Book 45 of my 2014 Reading Challenge
The True Story of Hansel and Gretel: a novel of war and survival
Summary (via the book jacket)A poignant and suspenseful retelling of a famous fairy tale set in a war-torn world.
In the last months of the Nazi occupation of Poland, two children are left by their father and stepmother to find safety in the dense forest. Because their real names will reveal their Jewishness, they are renamed "Hansel" and "Gretel". They wander in the woods until they are taken in by Magda, an eccentric and stubborn old woman called "witch" by the nearby villagers. Magda is determined to save them, even as a German officer arrives in the village with his own plans for the children.
A haunting novel of journey and survival, of redemption and memory, The True Story of Hansel and Gretel powerfully depicts how war is experienced by families and especially by children, and tells a resonant, riveting story.
First, a note about the title. This is a fiction novel that places the fairy tale characters Hansel and Gretel in the real setting of Poland during WWII. The 'true story' aspect comes from the portrayal of the witch; as she says, "the story has been told over and over by liars and it must be retold". While there are elements of the fairy tale throughout the book, this is primarily a book about survival during WWII.
It gripped me from the opening. I read with squinted eyes because I wanted to know what would happen but was also so worried about what was going to happen. As always, the horrors of WWII took my breath away. I cried sad tears for the pain and destruction but also happy tears for the love and resilience.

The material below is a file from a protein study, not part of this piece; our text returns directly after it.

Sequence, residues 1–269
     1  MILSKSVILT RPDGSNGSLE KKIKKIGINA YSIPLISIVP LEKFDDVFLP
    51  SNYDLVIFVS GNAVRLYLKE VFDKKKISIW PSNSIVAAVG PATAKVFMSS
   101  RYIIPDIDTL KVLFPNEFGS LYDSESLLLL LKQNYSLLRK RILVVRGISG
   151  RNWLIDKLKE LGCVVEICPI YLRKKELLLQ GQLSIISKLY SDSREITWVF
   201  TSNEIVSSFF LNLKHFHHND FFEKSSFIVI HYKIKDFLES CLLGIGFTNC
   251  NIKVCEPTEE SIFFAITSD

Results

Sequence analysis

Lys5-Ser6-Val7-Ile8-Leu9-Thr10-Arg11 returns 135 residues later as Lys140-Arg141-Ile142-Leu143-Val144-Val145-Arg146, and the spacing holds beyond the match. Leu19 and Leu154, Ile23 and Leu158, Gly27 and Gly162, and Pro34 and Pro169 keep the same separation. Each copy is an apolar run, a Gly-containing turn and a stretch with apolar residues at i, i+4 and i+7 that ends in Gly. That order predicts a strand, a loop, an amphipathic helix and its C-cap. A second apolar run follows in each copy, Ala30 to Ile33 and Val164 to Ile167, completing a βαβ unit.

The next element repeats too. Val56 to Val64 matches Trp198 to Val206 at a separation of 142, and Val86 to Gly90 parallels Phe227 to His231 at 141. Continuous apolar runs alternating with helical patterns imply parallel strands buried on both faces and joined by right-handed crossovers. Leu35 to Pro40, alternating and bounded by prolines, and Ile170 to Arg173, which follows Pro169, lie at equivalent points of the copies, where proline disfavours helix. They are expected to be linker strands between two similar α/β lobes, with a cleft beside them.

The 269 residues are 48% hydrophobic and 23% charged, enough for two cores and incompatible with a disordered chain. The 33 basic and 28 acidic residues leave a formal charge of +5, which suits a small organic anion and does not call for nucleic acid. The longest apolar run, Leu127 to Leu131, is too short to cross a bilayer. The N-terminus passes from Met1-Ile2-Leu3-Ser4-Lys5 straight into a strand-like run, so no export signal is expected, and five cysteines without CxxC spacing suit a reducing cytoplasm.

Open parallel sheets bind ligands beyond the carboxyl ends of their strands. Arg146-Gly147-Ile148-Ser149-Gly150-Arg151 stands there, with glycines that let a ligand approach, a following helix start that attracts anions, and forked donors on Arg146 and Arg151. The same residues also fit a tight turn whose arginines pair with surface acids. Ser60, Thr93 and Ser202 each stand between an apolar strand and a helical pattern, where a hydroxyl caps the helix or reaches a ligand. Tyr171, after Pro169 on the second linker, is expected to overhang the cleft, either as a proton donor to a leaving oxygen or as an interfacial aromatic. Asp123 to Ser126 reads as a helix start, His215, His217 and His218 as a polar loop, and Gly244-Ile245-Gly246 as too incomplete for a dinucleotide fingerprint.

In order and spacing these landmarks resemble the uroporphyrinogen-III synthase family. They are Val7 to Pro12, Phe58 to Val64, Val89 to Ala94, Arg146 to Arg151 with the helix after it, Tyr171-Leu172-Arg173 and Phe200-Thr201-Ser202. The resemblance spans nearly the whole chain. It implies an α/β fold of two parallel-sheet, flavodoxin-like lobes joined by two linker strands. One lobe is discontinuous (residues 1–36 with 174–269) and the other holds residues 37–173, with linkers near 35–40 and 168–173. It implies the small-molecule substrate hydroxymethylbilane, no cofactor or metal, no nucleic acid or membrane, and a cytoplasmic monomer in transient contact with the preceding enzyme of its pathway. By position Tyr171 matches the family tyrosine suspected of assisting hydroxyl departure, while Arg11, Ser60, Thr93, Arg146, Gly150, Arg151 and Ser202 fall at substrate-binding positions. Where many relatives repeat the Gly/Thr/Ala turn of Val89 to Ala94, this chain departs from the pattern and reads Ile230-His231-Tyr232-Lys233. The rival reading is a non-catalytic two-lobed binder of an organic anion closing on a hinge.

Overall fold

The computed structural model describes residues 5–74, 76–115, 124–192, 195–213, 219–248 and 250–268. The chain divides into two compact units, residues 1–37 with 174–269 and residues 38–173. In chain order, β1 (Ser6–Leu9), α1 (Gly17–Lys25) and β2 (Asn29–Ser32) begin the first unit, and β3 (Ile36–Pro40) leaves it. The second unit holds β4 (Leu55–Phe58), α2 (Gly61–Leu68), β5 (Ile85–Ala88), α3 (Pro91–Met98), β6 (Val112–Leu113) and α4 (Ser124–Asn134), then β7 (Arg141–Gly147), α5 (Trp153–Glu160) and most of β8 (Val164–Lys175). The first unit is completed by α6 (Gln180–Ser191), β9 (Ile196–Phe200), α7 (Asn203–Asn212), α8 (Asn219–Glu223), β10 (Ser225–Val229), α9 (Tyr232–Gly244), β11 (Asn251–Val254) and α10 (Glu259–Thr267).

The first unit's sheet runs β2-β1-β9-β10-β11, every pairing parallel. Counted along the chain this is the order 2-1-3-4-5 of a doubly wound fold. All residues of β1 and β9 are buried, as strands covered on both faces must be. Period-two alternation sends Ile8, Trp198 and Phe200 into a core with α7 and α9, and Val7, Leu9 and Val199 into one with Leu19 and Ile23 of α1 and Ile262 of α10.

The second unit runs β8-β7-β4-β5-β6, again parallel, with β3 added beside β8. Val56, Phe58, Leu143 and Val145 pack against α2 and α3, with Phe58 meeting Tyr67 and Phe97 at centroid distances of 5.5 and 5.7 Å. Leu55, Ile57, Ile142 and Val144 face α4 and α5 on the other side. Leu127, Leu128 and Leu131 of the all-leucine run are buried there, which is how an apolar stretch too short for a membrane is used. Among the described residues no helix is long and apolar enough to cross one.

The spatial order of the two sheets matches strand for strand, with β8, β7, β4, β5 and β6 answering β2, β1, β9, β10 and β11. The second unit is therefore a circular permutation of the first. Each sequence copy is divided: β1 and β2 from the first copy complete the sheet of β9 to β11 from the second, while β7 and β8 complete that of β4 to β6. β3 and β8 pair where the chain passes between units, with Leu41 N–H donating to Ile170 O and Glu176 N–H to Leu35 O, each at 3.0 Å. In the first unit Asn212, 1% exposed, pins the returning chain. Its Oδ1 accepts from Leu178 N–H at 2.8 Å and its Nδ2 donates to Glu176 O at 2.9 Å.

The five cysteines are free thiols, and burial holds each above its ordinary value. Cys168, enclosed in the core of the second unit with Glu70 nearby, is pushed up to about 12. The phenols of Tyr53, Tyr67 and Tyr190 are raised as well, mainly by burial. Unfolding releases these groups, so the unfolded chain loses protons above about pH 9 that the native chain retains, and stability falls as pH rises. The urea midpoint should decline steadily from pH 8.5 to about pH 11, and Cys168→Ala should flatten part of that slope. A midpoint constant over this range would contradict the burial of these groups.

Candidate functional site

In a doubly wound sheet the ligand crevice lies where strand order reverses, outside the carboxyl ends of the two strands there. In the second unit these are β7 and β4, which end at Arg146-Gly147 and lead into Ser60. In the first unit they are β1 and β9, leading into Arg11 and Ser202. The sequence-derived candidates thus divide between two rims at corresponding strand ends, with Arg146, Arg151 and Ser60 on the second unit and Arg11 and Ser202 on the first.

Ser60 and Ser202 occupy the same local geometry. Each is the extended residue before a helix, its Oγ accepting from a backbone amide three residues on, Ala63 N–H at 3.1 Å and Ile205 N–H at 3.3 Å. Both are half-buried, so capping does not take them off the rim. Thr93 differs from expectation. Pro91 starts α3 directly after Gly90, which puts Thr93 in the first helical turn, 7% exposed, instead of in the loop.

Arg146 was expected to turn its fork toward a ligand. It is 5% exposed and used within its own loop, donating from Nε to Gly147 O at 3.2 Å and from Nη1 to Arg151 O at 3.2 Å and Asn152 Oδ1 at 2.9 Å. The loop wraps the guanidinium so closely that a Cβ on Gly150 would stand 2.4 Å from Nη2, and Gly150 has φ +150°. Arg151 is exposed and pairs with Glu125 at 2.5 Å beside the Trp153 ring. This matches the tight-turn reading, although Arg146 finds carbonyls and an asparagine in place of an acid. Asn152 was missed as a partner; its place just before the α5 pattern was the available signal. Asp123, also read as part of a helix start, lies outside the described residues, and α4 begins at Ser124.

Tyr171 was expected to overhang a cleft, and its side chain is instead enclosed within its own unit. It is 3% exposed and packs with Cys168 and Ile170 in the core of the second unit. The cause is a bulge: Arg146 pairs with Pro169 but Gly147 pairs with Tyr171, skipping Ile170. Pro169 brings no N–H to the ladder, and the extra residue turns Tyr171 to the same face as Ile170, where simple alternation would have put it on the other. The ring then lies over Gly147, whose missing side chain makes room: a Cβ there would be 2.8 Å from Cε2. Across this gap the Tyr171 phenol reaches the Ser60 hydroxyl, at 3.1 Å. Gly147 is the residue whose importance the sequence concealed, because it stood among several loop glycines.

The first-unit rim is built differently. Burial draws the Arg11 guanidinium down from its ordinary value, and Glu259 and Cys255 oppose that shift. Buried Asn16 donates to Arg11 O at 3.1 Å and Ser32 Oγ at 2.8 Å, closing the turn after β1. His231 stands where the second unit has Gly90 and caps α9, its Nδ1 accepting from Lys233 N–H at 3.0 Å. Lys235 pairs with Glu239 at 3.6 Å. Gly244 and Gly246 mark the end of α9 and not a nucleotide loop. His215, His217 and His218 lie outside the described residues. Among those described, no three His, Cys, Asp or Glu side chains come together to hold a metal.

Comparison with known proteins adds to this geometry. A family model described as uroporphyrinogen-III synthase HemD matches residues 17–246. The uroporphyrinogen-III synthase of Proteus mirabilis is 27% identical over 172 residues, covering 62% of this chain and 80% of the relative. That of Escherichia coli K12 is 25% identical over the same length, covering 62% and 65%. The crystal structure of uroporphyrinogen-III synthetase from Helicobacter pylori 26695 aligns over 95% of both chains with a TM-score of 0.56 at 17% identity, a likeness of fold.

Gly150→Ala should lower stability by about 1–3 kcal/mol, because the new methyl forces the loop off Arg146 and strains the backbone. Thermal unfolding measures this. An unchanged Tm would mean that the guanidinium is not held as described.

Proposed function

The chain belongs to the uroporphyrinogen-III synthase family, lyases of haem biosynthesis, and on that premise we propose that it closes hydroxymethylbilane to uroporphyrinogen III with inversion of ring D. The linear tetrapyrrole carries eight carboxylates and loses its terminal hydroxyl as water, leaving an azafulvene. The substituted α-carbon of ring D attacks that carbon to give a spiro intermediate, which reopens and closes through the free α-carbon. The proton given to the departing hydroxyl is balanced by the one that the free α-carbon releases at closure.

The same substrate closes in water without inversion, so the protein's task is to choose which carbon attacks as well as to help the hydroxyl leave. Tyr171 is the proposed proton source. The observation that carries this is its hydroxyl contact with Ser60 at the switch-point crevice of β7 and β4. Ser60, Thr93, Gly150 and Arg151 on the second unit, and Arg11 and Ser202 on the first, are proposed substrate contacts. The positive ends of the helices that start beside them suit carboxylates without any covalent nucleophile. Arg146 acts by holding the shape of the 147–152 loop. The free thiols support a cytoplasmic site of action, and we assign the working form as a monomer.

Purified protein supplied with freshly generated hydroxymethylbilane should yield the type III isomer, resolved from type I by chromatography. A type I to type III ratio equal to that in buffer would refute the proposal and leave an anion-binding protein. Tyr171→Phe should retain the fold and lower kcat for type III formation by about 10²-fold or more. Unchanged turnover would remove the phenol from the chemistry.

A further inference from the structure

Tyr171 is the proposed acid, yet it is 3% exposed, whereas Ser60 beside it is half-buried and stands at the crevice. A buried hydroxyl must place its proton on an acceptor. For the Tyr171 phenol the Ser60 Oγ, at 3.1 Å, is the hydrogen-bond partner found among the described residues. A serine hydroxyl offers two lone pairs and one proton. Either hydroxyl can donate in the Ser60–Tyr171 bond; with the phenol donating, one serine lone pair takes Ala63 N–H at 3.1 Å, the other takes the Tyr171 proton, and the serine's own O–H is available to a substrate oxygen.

The only flaw for me was the ending. I thought the time between one of the last major turning points and the final resolution of the book was too long and I did skim a little during the last few chapters. That's probably influenced by my low tolerance for what I call 'hijinky' books and movies (see: the middle section of most romantic comedies), where something that should be resolved quickly gets drawn out because a character doesn't do something simple and reasonable (like looking at a group of people when you're searching for someone instead of turning the other way, in this case).
While it's strange to say, "hey this book hurt my heart...you should totally read it!", I would absolutely recommend this to someone that likes human interest stories and WWII novels.
A Few Quotes from the Book
"God didn't come down and kill us. I don't see God shooting children and priests. None of us met God beating up Jews and shoving them into railroad cars. This is men doing the murdering. Talk to men about their evil, kill the evil men, but pray to God. You can't expect God to come down and do our living for us. We have to do that ourselves."
"There is much to love, and that love is what we are left with. When the bombs stop dropping, and the camps fall back to the earth and decay, and we are done killing each other, that is what we must hold. We can never let the world take our memories of love away, and if there are no memories, we must invent love all over again."